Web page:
Helping your pet get exercise gives them a chance to burn off that extra energy while they do something constructive, not destructive.
How to Exercise with Your Dog
Dogs come in all shapes and sizes and a variety of breeds. The type of exercise that's best for your dog depends in large part on their breed, size, and their current activity level and weight. For example, if your dog has spent most of their time sitting for the past few years, trying to take them out for a brisk run could spell disaster. But a puppy who's got a lot of energy might be thrilled to run around your backyard.
Some dog breeds aren't suited to certain types of exercise. Dogs that have short noses, such as pugs, can have difficulty breathing if you take them for a long walk or run. Short-nosed dogs can also be more sensitive to the heat than other breeds.
As a general rule of thumb, start slowly when exercising with your dog. An older, out-of-shape dog won't be able to handle a long walk or hike. Since puppies are still growing, long exercise sessions aren't usually recommended for them, either. Knowing what exercises are appropriate for your dog will help you avoid a visit to an emergency pet hospital in Jacksonville.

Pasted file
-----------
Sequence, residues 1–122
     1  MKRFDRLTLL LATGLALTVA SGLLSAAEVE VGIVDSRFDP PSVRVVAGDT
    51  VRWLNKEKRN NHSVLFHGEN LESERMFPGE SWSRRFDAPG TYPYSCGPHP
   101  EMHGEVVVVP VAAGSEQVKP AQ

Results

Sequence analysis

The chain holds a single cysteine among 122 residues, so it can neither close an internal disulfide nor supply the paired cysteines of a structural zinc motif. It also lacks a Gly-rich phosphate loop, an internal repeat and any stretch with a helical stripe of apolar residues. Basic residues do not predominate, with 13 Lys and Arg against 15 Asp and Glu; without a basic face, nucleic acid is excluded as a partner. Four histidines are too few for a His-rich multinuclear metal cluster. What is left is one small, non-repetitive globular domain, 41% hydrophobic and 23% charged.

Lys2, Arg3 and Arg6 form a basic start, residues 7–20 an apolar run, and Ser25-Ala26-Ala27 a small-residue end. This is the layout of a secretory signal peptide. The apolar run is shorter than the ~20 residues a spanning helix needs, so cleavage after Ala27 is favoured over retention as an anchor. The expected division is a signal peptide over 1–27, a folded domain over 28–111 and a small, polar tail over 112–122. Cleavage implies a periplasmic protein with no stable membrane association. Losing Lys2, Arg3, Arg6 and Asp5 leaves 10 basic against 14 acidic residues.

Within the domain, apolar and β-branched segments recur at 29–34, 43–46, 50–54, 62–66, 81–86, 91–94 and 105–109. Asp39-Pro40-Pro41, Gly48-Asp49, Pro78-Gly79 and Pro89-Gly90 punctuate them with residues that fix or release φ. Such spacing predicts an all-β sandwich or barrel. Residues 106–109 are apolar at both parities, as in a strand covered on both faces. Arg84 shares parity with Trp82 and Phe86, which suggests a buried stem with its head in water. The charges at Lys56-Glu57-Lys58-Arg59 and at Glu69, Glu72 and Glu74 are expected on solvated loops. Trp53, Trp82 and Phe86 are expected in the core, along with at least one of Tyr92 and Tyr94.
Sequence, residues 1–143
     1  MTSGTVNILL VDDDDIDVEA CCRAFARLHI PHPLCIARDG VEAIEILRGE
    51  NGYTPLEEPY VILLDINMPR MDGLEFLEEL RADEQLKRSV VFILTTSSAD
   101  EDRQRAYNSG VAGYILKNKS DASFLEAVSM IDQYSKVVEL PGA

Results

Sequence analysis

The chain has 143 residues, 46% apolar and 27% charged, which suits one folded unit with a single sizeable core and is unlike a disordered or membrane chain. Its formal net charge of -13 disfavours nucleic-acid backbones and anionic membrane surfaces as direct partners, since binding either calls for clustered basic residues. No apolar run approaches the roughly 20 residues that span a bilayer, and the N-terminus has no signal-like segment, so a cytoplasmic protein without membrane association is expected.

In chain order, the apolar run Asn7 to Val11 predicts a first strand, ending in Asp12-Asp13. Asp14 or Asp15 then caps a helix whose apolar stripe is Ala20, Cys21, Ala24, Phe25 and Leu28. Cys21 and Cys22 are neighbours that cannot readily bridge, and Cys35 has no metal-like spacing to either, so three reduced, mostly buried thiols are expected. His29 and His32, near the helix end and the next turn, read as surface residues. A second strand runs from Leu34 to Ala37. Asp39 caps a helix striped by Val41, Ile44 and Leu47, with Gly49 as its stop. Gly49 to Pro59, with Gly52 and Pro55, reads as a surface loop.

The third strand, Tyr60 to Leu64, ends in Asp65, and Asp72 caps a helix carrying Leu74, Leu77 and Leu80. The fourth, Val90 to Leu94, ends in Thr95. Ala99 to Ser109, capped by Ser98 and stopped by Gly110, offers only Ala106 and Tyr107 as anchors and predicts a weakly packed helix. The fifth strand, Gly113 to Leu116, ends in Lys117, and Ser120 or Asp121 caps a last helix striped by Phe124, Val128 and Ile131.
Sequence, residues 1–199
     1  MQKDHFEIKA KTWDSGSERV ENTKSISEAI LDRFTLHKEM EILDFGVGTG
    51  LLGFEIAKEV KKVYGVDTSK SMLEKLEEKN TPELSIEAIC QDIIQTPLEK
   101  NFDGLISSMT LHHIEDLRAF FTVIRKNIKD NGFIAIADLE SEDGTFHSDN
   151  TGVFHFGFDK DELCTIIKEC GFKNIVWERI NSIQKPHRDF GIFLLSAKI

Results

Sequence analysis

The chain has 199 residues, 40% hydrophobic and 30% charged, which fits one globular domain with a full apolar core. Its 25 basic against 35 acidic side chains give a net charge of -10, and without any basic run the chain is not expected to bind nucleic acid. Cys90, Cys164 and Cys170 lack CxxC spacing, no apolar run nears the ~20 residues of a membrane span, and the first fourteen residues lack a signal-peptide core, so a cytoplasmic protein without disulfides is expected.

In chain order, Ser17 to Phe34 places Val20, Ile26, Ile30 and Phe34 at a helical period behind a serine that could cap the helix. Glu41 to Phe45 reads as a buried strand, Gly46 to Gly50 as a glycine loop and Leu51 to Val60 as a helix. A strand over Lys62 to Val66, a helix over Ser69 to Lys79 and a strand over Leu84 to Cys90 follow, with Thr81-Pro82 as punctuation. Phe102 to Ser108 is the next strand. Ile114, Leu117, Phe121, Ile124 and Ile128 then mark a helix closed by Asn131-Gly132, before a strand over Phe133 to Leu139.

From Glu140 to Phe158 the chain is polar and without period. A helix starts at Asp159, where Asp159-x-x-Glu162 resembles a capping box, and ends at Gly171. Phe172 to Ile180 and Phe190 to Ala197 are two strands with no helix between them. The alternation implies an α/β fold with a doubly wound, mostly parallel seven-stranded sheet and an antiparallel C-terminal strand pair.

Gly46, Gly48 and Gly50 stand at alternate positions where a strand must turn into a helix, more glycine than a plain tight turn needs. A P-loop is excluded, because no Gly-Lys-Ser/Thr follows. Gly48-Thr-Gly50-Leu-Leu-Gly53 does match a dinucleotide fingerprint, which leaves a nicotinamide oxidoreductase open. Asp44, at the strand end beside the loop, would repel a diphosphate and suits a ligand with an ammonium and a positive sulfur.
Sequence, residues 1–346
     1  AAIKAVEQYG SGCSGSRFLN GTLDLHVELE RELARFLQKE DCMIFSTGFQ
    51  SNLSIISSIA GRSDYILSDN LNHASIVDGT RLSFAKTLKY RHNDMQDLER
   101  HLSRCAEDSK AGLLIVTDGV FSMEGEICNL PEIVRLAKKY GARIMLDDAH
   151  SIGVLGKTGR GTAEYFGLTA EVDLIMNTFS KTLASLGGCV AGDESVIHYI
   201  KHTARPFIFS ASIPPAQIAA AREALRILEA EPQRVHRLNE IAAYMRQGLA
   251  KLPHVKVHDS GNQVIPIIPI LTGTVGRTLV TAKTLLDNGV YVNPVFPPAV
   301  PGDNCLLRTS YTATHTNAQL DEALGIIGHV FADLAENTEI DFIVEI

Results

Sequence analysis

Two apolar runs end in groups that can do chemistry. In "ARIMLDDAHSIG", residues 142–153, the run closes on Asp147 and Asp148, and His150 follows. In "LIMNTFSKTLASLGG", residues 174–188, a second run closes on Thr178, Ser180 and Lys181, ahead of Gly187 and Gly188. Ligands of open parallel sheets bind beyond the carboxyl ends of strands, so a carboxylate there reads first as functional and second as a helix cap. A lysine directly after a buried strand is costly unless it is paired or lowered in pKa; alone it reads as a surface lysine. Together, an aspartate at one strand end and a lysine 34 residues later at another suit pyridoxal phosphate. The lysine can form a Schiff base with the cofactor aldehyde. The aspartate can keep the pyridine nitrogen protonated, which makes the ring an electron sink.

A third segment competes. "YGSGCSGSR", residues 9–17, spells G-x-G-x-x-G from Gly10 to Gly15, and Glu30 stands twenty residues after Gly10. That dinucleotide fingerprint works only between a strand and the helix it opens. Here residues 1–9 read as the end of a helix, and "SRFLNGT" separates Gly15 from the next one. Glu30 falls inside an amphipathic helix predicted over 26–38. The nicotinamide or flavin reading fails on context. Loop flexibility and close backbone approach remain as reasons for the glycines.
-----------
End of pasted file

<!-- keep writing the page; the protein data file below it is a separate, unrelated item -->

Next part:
Most importantly, find an exercise for your dog that they like doing. Some dogs love swimming and will jump in a pool and splash around any chance they get. Others are terrified of the water. Some dogs love to go hiking in the woods, while others would prefer the chance to run around a dog run with their friends. Once you've found an activity your pet likes, you'll be more likely to keep it up.
How to Exercise with Your Cat
The exercise needs of cats are different than those of dogs. Most cat exercise programs focus on play and are much shorter than the exercise routines dogs need. While you might take your dog for a 20- to 30-minute walk, your cat will get the exercise they need if you engage them in a few 5-minute play sessions each day.
Those sessions can take multiple forms. Many cats love the chance to run around and chase a feather toy. Others love to chase and try and catch a laser pointer. Cat trees give your pet a chance to climb, stretch their legs, and keep up their agility. Having a few different types of toys on hand will help you keep your cat stimulated and moving each day.
Your pet's vet is happy to work with you to come up with an exercise plan for your furry friend. Whether that plan means taking your dog for a walk around the neighborhood a few times a day or buying a laser pointer for your cat to chase depends on your pet and their current weight and health. If you have any questions about why your pet needs exercise or what you can do to get them moving, Forever Vets Animal Hospital in Jacksonville is here to help. Contact us today to schedule a visit and to find out how your pet can become more active.